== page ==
The centerpiece of the court battle over ObamaCare's constitutionality is the law's mandate that most U.S. residents obtain health insurance. To justify the mandate, the administration and Congress have asserted that people with private insurance pay for care for the uninsured through "cost shifting"--higher prices charged by doctors and hospitals to recover losses from uncompensated care.
The government argues that the Constitution permits Congress to require that people get insurance in order to reduce the extent of this "hidden tax." Although courts have disagreed about the constitutionality of the mandate and the new law as a whole, all courts have accepted the premise that the hidden tax is significant.
But how strong is the evidence for this proposition? Our review of the research has found that there is no credible evidence of a cost shift of any substantial consequence, either within state boundaries or across state lines. Moreover, the new law will likely generate more cost shifting--the opposite of what its supporters would have us believe.
There are, surprisingly, few peer-reviewed studies of the magnitude of alleged cost shifting at the national level. A study conducted by George Mason University Prof. Jack Hadley and John Holahan, Teresa Coughlin and Dawn Miller of the Urban Institute, and published in the journal Health Affairs in 2008, found that so-called cost shifting raises private health insurance premiums by a negligible amount. The study's authors conclude: "Private insurance premiums are at most 1.7 percent higher because of the shifting of the costs of the uninsured to private insurance." For the typical insurance plan, this amounts to approximately $80 per year.
The Health Affairs study is supported by another recent peer- reviewed study that focused exclusively on physicians. That 2007 study, authored by Massachusetts I nstitute of Technology economists Jonathan Gruber and David Rodriguez and published in the Journal of Health Economics, found no evidence that doctors charged insured patients higher fees to cover the cost of caring for the uninsured.
Where did Congress go wrong? We traced its estimates of the magnitude of the hidden tax of $43 billion per year, or an increase in family premiums by an average of $1,000 per year, to two sources--the aforementioned Health Affairs study, and a non-peer-reviewed study commissioned by FamiliesUSA, a Washington, D.C., group long known for its advocacy of greater government involvement in health care. Yet Congress simply ignored the evidence in the Health Affairs study and failed to recognize the serious flaws in the FamiliesUSA analysis.
Specifically, Congress ignored the $40 billion to $50 billion that is spent annually by charitable organizations and federal, state and local governments to reimburse doctors and hospitals for the cost of caring for the uninsured. These payments, which amount to approximately three-fourths of the cost of such care, mitigate the extent of cost shifting and reduce the magnitude of the hidden tax on private insurance.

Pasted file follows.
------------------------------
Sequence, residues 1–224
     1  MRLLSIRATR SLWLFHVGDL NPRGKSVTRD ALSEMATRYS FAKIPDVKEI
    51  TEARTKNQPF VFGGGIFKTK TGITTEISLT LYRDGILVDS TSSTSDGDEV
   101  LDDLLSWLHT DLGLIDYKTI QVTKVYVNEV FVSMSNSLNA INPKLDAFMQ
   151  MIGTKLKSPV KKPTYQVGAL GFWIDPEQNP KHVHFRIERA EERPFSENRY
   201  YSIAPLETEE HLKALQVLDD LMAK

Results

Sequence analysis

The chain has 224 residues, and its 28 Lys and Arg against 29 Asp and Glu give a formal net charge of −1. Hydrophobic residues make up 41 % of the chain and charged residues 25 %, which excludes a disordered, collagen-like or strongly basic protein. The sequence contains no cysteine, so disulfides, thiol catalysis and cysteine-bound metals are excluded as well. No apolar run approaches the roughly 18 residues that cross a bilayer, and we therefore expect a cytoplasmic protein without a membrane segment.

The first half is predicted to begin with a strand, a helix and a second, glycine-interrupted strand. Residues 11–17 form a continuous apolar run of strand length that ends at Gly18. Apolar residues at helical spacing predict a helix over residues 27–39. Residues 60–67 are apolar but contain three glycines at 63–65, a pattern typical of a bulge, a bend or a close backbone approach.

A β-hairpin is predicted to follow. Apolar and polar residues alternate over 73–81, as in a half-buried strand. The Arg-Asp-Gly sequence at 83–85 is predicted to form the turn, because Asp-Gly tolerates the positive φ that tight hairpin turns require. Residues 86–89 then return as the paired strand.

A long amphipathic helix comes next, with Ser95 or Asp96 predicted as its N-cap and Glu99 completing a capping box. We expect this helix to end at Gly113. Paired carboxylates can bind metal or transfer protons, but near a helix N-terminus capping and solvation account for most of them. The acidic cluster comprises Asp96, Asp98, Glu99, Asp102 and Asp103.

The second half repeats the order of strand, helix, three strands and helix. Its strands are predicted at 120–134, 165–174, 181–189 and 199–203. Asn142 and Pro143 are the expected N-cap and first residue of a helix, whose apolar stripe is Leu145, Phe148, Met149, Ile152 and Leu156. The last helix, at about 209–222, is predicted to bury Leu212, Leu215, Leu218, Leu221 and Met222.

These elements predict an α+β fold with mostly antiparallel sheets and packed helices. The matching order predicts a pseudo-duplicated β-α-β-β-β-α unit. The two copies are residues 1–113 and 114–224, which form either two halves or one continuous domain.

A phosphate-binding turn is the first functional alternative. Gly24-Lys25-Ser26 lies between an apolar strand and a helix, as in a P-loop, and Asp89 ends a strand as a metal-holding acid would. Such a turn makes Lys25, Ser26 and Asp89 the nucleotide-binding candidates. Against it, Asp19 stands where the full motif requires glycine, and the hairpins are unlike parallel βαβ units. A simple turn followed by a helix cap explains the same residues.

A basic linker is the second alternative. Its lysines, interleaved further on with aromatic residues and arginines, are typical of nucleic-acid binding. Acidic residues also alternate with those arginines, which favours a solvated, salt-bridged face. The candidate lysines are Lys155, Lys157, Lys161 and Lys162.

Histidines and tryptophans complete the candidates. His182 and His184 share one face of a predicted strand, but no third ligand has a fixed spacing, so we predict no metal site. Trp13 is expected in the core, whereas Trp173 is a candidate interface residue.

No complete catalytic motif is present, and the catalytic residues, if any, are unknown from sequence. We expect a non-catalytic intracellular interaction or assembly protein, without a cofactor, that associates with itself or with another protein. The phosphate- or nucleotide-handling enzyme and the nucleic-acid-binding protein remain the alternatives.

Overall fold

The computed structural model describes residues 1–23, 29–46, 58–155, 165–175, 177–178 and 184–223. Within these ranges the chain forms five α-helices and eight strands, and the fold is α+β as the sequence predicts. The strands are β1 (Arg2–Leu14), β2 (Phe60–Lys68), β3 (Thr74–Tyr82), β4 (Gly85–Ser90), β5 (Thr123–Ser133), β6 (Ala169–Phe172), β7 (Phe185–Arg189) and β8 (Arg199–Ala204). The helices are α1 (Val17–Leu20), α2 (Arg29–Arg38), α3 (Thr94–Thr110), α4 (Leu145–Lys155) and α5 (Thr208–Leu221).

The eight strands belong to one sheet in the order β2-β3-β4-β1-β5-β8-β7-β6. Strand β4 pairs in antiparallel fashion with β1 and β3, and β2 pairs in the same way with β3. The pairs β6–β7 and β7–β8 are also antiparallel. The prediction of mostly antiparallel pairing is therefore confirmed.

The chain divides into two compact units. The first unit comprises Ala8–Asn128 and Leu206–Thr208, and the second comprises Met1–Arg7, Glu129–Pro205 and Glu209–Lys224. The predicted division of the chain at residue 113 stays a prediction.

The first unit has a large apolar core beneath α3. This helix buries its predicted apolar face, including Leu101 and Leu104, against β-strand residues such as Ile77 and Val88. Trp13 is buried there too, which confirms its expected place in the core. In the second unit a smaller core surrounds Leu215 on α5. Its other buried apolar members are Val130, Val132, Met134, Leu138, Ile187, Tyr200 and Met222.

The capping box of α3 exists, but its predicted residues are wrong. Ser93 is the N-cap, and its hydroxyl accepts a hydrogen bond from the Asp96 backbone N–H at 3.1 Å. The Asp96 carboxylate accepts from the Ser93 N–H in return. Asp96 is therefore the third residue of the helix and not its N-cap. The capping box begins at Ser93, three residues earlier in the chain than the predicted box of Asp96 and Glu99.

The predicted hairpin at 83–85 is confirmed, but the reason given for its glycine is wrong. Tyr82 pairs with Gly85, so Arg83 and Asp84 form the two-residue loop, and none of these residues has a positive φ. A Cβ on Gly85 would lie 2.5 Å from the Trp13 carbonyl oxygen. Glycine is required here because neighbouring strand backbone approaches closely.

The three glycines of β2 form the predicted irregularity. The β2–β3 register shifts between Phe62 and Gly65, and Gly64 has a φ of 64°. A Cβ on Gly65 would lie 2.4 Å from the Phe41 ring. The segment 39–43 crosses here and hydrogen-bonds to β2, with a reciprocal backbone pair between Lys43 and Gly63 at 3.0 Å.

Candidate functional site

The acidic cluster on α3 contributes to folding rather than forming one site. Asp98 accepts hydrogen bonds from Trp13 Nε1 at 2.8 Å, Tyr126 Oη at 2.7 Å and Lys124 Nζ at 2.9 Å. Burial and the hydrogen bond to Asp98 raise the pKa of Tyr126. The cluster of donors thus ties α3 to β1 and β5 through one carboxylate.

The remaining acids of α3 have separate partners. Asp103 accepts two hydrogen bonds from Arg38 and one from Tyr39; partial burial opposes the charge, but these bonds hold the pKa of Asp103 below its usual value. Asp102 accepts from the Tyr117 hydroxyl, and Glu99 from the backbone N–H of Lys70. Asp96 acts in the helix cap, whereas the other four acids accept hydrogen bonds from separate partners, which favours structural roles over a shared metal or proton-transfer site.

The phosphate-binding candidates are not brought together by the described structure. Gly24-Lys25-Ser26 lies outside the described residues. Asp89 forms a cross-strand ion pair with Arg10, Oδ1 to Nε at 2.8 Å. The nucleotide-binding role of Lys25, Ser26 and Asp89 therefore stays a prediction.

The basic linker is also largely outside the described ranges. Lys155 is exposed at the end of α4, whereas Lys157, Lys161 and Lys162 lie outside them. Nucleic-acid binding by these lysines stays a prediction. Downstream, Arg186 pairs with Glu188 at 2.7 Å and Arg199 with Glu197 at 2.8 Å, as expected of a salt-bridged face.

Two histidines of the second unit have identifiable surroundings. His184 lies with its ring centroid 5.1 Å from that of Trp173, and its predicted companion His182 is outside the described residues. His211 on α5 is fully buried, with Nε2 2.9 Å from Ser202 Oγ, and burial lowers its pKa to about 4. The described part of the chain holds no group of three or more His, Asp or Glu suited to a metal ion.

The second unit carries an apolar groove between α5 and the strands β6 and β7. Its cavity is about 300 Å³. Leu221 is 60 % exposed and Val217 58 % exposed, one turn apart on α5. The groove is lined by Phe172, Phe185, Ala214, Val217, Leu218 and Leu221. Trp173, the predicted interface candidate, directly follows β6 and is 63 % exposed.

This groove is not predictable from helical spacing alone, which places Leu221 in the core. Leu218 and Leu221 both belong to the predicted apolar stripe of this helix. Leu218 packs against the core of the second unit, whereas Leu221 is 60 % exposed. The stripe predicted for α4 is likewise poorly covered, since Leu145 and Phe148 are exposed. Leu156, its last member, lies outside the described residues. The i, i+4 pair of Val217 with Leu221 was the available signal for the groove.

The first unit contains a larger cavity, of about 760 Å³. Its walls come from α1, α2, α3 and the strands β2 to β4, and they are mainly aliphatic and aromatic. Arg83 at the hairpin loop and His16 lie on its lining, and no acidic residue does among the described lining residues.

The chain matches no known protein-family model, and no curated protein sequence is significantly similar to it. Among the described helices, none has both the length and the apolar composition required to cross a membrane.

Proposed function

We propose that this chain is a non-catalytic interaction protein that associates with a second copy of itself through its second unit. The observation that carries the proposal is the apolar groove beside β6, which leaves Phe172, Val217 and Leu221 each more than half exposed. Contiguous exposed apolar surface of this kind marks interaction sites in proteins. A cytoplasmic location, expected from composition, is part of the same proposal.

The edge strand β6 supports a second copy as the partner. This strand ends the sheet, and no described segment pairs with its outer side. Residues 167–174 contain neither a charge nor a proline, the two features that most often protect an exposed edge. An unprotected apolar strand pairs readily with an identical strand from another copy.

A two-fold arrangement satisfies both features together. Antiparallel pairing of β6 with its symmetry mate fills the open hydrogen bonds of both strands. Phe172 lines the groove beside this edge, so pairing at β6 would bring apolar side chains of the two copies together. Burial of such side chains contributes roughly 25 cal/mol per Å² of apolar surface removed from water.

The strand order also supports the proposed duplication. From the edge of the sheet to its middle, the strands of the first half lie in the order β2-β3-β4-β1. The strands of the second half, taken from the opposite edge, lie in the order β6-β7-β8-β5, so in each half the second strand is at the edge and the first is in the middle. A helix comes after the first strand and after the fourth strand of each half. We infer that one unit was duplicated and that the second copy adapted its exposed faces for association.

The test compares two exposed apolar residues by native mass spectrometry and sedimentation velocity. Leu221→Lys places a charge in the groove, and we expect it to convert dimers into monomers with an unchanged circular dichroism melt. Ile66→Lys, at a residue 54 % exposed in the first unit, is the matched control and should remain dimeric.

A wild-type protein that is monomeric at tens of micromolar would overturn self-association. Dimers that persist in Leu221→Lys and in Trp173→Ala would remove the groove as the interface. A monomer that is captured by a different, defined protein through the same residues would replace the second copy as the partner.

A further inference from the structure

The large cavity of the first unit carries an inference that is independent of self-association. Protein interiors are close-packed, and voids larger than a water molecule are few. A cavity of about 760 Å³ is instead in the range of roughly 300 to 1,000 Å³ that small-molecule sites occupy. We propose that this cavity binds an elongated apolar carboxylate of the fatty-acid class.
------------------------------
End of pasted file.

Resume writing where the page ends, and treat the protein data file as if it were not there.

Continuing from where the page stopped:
Moreover, the economics of markets for health services suggests that any cost shifting that may occur is unlikely to affect interstate commerce. Because markets for doctor and hospital services are local--not national--the impact of cost shifting will be borne where it occurs, not across state lines.
The bad news for the new law's supporters (and for individuals with private insurance) doesn't stop there. If anything, the likely impact of the law will be to increase, not decrease, cost shifting. According to the Congressional Budget Office, around half of the people who are expected to become newly insured under the new law will be enrolled in Medicaid. But Medicaid payments to doctors and hospitals are so low that the program creates a cost shift of its own. In fact, a long line of academic research shows that low rates of Medicaid reimbursement translate into higher prices for the privately insured.
Some argue that cost shifting should be defined more broadly, to include costs of caring for the uninsured that are shifted onto taxpayers. We agree. But by this measure, the new law will increase cost shifting substantially. Again according to the Congressional Budget Office, once the law is fully operational, the volume of new health spending borne by taxpayers will be approximately $200 billion.
In an ideal world, we would expect our courts and elected representatives to rely on the best available evidence when making policy. In the case of cost shifting, the evidence is that there is neither a substantial cost shift nor any effect on interstate commerce. The absence of factual support for a key premise of the new law should give courts reason to ask for a second opinion.
John F. Cogan is a senior fellow at the Hoover Institution and professor of public policy at Stanford University. R. Glenn Hubbard is a visiting scholar at AEI. Daniel Kessler is a professor of business and law at Stanford University and a senior fellow at the Hoover Institution.